Today Release and StopWatch have launched a survey asking people across the UK whether the police in their local area do a good job or not. The results of the survey will then be used in a report on disproportionate policing in the UK that will be published later this year by Release in partnership with the Mannheim Centre for Criminology. The more we know about people’s experiences, the easier it will be to push for reform in the UK’s laws, so if you fill in the survey you will be helping to make a big difference.
Black people are 9 times more likely to be stopped and searched for drugs, even though black people are less likely to use drugs than white people. And shockingly, black children are over 14 times more likely to be stop and searched for drugs than white children. Disproportionate policing in the UK is a very worrying issue, and the better informed we are the better prepared we will be to campaign against it.
Release, the national centre of expertise on drugs and drugs law, has been advocating fair and more compassionate drug laws for 40 years. This survey and the report will be a crucial element of the charity’s campaign ‘Drugs – Time For Better Laws’. As a part of this campaign Release also wrote to the Prime Minister and published ‘A Quiet Revolution: Drug Decriminalisation Policies in Practice Across the Globe’, a report which explores how different policies have worked in different countries and concludes that drug policies have little impact on the levels of drug use in a nation.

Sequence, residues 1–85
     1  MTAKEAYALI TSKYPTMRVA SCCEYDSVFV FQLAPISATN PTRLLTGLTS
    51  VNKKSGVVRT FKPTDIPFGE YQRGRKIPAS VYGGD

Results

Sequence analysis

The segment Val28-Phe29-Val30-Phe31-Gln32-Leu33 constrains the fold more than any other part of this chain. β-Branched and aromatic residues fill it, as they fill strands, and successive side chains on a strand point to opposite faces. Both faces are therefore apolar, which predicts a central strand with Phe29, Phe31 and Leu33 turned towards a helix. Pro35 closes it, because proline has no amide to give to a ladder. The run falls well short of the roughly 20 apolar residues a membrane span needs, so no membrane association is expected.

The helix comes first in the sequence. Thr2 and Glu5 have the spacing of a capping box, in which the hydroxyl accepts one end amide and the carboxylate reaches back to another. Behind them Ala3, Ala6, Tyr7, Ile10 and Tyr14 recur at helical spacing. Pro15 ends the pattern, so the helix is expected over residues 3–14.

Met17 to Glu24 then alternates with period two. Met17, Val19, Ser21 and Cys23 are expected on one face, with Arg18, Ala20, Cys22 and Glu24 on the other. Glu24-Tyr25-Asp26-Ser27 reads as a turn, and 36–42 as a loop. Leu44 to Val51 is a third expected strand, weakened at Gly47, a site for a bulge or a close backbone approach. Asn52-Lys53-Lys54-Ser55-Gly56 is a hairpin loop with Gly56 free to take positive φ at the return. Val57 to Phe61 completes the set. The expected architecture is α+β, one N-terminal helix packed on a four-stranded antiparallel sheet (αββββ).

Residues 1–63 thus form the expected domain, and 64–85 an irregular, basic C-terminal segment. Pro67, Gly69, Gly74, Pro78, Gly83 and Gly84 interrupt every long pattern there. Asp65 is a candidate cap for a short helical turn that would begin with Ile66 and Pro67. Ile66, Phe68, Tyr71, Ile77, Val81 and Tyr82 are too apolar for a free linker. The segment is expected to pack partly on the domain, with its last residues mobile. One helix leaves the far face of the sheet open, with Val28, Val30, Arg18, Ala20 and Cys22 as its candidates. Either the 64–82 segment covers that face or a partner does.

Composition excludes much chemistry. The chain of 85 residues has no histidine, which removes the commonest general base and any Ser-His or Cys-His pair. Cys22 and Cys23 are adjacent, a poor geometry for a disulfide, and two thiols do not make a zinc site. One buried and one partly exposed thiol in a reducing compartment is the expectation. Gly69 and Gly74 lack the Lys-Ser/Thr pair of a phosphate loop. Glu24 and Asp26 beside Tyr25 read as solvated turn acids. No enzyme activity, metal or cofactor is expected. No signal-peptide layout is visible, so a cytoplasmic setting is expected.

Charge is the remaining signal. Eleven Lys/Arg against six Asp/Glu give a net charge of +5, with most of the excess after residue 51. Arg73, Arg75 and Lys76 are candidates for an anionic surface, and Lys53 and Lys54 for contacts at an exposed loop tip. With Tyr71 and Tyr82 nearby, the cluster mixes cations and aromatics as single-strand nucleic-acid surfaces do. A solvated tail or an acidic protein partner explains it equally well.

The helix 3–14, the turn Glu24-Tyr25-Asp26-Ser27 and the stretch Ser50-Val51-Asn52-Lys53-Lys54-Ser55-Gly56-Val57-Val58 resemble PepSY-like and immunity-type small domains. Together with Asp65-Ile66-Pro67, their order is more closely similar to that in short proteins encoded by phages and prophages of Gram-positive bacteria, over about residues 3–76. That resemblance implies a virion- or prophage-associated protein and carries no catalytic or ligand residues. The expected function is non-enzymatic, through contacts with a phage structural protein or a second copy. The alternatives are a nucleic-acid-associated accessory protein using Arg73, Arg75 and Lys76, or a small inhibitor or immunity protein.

StopWatch is a coalition of legal experts, academics, citizens and civil liberties campaigners. They aim to address excess and disproportionate stop and search, and ensure fair, effective policing for everyone.
The Mannheim Centre for Criminology is a multidisciplinary research centre associated with the London School of Economics. It provides a forum for criminology, including courses and a large number of conferences, seminars and other public events.
Take the survey
Read Release’s report ‘A Quiet Revolution’